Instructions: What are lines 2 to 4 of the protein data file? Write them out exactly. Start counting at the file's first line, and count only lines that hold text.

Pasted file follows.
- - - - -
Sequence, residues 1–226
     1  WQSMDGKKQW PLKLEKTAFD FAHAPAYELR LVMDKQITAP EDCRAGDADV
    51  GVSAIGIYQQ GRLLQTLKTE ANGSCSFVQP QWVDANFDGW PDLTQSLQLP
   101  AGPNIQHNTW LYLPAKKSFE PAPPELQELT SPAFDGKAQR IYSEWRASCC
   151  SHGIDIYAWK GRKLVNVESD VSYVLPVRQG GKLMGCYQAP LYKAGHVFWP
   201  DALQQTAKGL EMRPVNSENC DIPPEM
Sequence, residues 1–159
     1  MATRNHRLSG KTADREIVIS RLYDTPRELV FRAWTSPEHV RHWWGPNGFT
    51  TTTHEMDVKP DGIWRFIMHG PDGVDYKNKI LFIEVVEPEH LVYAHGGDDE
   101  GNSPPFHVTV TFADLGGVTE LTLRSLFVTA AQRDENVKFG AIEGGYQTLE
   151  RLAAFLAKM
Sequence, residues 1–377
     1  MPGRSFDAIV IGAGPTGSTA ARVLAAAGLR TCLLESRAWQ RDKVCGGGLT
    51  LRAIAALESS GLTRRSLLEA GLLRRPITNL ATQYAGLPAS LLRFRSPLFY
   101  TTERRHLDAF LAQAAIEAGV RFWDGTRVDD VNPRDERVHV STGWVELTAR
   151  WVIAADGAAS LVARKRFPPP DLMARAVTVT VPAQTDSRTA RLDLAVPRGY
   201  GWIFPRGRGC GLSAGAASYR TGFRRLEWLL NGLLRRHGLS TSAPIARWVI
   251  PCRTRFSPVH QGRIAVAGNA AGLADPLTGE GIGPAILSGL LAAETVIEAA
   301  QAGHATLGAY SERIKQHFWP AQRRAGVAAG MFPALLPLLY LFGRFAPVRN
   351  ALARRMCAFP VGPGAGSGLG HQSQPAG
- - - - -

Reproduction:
     1  WQSMDGKKQW PLKLEKTAFD FAHAPAYELR LVMDKQITAP EDCRAGDADV
    51  GVSAIGIYQQ GRLLQTLKTE ANGSCSFVQP QWVDANFDGW PDLTQSLQLP
   101  AGPNIQHNTW LYLPAKKSFE PAPPELQELT SPAFDGKAQR IYSEWRASCC